Thursday, January 15, 2009

The feudal store of St Kilda

On making one's way up from the jetty on Hirta, the main island in the St Kilda archipelago, the first building encountered is the store. It is the first modern building on the island and was constructed sometime before 1818. The walls were built using lime mortared stone. The end walls were gabled and constructed with chimneys. The roof was of slate. At that time, the St. Kildans lived in blackhouses whose rounded walls were built from stones and turf and the roofs were made from turf or thatched with barley straw.

The substantial nature of the store was necessary as this was where the island produce of the preceding year was stored. It awaited the annual visit of the factor from the mainland. He collected the islanders' rent in kind, which was to paid to the landlord, the chief of the MacLeods of Dunvegan in Skye. Goods consisted of feathers and oil from seabirds and woven woolen cloth called tweed.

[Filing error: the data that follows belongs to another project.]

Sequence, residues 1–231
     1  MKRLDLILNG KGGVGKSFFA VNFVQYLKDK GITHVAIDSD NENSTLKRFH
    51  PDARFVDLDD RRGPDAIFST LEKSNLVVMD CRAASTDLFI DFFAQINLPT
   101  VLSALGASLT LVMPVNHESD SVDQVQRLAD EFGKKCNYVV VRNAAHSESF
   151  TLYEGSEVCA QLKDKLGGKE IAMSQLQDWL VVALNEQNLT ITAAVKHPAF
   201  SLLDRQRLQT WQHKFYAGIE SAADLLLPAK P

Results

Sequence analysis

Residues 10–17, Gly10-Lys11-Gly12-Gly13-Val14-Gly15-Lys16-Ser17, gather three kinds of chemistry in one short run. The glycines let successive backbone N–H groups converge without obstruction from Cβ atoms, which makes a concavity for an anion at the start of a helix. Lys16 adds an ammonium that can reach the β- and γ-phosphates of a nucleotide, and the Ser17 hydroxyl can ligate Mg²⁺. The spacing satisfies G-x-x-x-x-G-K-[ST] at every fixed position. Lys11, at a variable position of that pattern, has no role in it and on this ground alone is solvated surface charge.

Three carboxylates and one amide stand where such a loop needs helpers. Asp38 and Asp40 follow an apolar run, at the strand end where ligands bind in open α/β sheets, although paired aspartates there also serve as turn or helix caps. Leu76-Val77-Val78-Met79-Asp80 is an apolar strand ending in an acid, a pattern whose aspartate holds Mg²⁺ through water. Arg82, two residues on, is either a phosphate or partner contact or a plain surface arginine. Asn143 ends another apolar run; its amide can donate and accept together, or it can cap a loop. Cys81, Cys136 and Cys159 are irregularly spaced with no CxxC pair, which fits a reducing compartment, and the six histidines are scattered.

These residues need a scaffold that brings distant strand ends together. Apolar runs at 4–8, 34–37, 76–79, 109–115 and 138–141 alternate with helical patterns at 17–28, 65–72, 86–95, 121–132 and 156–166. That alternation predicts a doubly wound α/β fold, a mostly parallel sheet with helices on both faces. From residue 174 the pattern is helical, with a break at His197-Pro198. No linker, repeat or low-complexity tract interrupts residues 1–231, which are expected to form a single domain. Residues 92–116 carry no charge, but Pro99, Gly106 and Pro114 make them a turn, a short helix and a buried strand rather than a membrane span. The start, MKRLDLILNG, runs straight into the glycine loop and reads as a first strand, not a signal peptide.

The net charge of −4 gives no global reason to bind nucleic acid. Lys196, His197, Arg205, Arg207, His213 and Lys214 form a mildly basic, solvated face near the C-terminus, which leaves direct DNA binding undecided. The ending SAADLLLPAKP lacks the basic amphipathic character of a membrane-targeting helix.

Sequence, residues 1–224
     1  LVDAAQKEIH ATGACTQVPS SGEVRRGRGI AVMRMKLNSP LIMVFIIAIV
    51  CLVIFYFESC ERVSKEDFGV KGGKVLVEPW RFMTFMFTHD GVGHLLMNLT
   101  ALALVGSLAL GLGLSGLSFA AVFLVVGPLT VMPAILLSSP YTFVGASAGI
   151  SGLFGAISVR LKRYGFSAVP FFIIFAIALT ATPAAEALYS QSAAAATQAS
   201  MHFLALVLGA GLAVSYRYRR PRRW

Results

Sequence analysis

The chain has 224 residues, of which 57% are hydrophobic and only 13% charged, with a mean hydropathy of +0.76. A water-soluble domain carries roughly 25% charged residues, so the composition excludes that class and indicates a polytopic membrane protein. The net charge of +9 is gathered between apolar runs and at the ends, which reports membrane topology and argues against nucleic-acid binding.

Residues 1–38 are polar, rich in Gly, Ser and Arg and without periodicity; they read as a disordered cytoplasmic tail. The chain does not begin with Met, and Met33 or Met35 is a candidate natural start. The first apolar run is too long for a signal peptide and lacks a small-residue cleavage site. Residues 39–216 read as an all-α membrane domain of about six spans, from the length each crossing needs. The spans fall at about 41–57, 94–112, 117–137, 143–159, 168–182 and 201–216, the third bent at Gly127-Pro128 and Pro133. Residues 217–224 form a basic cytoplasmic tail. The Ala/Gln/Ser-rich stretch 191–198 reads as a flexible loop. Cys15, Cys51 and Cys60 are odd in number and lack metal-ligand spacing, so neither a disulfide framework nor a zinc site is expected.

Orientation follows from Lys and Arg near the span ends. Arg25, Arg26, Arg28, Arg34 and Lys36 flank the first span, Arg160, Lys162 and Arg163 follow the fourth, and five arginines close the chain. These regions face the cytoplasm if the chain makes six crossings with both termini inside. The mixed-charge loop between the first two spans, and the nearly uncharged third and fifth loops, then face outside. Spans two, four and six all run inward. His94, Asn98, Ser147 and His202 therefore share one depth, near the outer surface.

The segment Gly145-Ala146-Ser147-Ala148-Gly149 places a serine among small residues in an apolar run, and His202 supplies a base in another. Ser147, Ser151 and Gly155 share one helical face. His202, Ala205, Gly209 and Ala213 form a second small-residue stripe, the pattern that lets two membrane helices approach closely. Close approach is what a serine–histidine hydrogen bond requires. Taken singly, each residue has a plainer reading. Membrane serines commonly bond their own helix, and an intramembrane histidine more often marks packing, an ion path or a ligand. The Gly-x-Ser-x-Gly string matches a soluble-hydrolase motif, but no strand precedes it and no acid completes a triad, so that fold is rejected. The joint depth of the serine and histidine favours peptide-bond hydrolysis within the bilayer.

Just behind the store you can see the barrel of a large gun and further on, the wreck of the Spinningdale.

03/06/2008 am


  1. Store looks awfully close to the beach. Wonder how much erosion has occured since 1818? With the wreck in the background, presumably this is a particularly active coastline.
    Also, you mention produce was stored in this building. I'm doing some research on root cellars. I presume that freezing would not be a problem in St. Kilda if vegetables were stored above ground in a building? Have you seen any type of root cellar on your paddling journeys? Alison

  2. Hello Douglas - I love all your St Kilda postings! I worked there briefly, but I'm ashamed to say I took little notice of that building, which we called "the feather store". I think Alison must be right - looks like quite a bit of coastal erosion since they built it!

  3. Hello Alison, this part of the bay is eroding noticeably even over the last few years. Fragments of pottery have been discovered in the eroded bank below the store.

    Root cellars? Please see this post on cleitean!

    Thank you Lucy.